OFFENBACH The Operas & Operettas Collection
Offenbach’s music is wicked’, said George Bernard Shaw. ‘It is abandoned stuff; every accent is a snap of the fingers in the face of moral responsibility.’ The road to musical perdition, in other words, is paved with 30 brightly packaged discs. Sounds good to me, and almost without exception the performances collected here tread Offenbach’s primrose path with verve. Which is not to say that this is an unalloyed box of delights. This is not a complete edition (far from it) and librettos and synopses are non-existent. Aficionados will already have the best recordings here and novices are unlikely to want this level of duplication, with German-language recordings tossed blithely in alongside classic French versions.
So as well as Orphée aux enfers, La belle Hélène and La vie parisienne, you get Orpheus in der Unterwelt, Die schöne Helena, Pariser Leben … you get the picture. In fact, discounting German versions, highlights discs and fillers (not that I’m ever going to complain about Manuel Rosenthal’s gloriously raffish 1976 Monte Carlo account of Gaîté parisienne) there are only 11 full-length works here. That might or might not bother you: certainly, with a cast that includes Siegfried Jerusalem, Dietrich Fischer-Dieskau and Julia Varady, you’d be justified in giving Heinz Wallberg’s 1979 Munich Hoffmanns Erzählungen a whirl. Andrew Lamb, reviewing it here (6/89), wrote that ‘on its own terms I recommend this version without hesitation’.
I’d second that for the four works conducted by Willy Mattes and Pinchas Steinberg with what looks very like EMI’s 1970s/’80s German operetta repertory company. Names like Anneliese Rothenberger and Nicolai Gedda crop up, delivering reliably lively and listenable performances. You know the sort of thing: no shortage of bounce but a plump, high-gloss orchestral sound and close-miked studio dialogue, closer in spirit to the White Horse Inn than the Café Anglais. Not automatically a bad thing (Pinchas Steinberg clearly adores Die Grossherzogin von Gerolstein); just not, perhaps, the flavour you’re hoping for from an Offenbach collection.
Which is? Well, listen to any of the one-acters, starting with Marcel Couraud’s 1966 recording of Offenbach’s breakthrough hit Ba ta clan, and there it is: lithe textures, springy rhythms, shrilling piccolos and boxy clarinets all bringing that authentic gauloises-and-garlic tang, with a hint of blanc sec tartness and a throwaway Parisian insouciance. Ba ta clan and the two-act Les bavards benefit from the bright, nimble soprano of Huguette Boulangeot, while Pomme d’api, Monsieur Choufleuri and Mesdames de la Halle – given as part of a triple bill at the Opéra-Comique in 1979, but performed here by Rosenthal and his Monte Carlo forces – have that soubrette par excellence Mady Mesplé, as well as the handsome tenor of Charles Burles, every inch the boulevardier.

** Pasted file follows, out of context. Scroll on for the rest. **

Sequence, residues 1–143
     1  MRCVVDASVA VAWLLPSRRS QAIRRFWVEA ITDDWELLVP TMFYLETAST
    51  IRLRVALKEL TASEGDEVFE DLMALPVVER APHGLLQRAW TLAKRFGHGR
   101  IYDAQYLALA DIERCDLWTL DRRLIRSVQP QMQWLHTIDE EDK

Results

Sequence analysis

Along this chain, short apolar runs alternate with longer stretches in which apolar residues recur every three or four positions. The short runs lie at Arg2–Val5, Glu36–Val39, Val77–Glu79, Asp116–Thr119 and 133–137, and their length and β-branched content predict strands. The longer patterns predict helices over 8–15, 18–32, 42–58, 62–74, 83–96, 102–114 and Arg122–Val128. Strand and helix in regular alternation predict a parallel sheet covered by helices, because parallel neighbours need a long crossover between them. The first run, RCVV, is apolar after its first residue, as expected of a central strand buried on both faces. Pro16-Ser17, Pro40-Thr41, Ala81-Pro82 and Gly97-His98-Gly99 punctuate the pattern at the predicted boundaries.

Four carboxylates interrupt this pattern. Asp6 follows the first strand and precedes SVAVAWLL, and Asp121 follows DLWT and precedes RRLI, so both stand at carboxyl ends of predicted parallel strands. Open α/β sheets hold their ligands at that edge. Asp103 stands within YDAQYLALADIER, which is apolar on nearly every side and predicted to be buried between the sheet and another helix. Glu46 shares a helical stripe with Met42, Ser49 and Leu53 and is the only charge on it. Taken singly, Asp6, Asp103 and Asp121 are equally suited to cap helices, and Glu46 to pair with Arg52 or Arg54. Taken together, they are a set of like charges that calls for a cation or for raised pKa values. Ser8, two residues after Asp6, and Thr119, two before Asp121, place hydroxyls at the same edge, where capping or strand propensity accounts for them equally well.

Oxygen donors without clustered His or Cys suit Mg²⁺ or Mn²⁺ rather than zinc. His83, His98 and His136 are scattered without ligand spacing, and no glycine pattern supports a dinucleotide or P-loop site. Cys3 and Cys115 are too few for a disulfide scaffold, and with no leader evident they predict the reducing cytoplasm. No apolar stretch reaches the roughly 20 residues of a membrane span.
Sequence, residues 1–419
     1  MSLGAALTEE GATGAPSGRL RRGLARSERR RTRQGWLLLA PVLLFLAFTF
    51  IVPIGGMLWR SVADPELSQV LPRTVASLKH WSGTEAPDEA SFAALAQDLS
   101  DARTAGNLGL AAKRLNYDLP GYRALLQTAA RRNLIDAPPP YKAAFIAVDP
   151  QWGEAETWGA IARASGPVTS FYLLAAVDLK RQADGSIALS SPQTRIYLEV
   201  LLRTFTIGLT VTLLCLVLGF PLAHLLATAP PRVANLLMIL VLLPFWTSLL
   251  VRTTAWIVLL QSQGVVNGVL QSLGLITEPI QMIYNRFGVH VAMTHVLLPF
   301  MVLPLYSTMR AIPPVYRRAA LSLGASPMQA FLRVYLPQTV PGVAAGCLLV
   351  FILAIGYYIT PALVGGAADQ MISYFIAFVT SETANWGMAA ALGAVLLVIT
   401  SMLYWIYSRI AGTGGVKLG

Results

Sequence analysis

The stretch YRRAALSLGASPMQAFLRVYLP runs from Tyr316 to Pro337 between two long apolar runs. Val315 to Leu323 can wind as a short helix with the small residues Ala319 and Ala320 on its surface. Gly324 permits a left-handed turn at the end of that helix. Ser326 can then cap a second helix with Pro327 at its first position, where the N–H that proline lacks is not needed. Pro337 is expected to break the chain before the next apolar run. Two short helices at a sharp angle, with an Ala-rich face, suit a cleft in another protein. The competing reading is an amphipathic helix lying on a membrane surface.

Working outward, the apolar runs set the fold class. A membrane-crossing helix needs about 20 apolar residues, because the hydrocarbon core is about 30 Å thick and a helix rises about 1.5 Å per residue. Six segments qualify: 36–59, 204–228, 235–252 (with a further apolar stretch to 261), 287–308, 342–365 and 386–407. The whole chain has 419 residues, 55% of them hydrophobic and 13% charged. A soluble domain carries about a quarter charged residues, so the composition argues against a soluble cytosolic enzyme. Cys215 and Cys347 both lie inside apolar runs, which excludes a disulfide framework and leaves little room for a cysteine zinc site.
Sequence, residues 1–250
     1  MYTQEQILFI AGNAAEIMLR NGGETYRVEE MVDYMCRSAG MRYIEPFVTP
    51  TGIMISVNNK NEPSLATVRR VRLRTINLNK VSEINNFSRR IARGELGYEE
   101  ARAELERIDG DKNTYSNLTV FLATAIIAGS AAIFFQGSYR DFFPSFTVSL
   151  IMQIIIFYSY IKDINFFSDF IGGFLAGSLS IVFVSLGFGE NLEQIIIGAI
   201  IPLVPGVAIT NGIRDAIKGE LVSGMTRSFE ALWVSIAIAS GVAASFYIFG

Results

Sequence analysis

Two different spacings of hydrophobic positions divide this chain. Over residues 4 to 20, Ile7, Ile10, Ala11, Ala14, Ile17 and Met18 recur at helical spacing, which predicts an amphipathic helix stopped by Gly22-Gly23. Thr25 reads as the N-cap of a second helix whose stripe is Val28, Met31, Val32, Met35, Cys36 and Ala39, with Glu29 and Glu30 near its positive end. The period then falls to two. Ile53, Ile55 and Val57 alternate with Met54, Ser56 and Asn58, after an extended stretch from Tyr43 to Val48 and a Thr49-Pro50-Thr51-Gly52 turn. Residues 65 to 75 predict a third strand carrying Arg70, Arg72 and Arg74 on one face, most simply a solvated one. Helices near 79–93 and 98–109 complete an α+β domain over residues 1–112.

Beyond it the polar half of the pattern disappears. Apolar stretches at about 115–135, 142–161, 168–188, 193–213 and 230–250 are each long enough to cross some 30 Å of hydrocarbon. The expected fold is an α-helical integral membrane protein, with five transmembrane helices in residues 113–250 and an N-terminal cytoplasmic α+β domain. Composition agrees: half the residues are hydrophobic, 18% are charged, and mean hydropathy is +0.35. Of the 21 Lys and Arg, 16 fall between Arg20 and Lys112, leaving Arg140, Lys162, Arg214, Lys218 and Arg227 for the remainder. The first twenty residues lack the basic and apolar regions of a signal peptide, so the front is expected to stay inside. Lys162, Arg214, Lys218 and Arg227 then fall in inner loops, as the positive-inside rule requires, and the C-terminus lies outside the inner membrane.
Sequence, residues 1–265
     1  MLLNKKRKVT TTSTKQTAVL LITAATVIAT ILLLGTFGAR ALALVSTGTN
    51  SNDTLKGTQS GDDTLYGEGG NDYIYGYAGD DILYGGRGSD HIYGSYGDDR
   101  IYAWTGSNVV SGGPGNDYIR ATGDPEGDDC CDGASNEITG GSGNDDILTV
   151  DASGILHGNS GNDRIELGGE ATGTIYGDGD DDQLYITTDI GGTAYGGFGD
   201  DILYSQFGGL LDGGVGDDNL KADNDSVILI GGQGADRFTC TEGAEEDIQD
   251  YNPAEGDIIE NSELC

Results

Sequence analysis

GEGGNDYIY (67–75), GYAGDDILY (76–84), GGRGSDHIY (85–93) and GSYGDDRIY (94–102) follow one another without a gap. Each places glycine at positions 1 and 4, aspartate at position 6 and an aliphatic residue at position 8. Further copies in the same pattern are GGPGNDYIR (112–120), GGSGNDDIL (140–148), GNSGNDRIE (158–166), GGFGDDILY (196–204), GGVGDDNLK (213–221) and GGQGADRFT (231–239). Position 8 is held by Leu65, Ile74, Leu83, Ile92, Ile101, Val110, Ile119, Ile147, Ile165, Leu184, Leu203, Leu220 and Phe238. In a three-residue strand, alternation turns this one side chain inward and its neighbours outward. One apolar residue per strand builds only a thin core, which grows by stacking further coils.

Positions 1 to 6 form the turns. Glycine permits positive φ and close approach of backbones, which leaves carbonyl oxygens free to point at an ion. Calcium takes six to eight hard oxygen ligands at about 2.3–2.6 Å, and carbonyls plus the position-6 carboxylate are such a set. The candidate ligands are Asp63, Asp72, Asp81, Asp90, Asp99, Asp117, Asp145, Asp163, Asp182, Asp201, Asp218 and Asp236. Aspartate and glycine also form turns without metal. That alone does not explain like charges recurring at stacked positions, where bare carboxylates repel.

That style is carried to sublime heights on four undisputed classic recordings: Michel Plasson’s late ’70s/early ’80s accounts of Orphée, Hélène, La Périchole and – my personal favourite, a jewel that sparkles from all angles, in which you can hear the cast relishing each phrase of Offenbach’s score and every syllable of Meilhac and Halévy’s libretto – La vie parisienne. Twenty-first-century operetta lovers will weep to see such luxurious casting: Régine Crespin magnificently sultry as Métella, and Teresa Berganza and José Carreras bringing a suitably Latin tang to the South American setting of La Périchole.
Andrew Lamb pronounced Plasson’s Orphée ‘a sparkling recording, and a joyful achievement’, while noting that Plasson’s decision to record the lengthy 1874 revision means that the familiar Overture is absent. On the other hand, you do have Mesplé as Eurydice and Jane Rhodes – Paris’s reigning Hélène in the 1960s – as Public Opinion. The Belle Hélène here is Jessye Norman, no less: a performance of such sensuality and vocal charisma that it could easily launch a thousand ships. Champagne operetta, grand cru.
The special joy of these recordings is best demonstrated against the one major dud, John Eliot Gardiner’s brisk but chilly Les brigands, and Sylvain Cambreling’s well-intentioned, rather earnest and extremely long Brussels Les contes d’Hoffmann – though here too you have Norman as Giulietta, Rosalind Plowright as a touchingly melancholy Antonia and Jose van Dam’s quick-change act as Hoffmann’s four antagonists. And there’s a lovely souvenir of what we might have had in a collection of airs célèbres from Jane Rhodes: at the very end of her career, and occasionally showing the strain, but elsewhere offering a glimpse of French operetta-singing at its most graceful, luminous and – well, this is Offenbach, so it’s got to be said – sexy. Melodies like these deserve no less. There’s a reason why they called him ‘the Mozart of the Champs-Élysées’.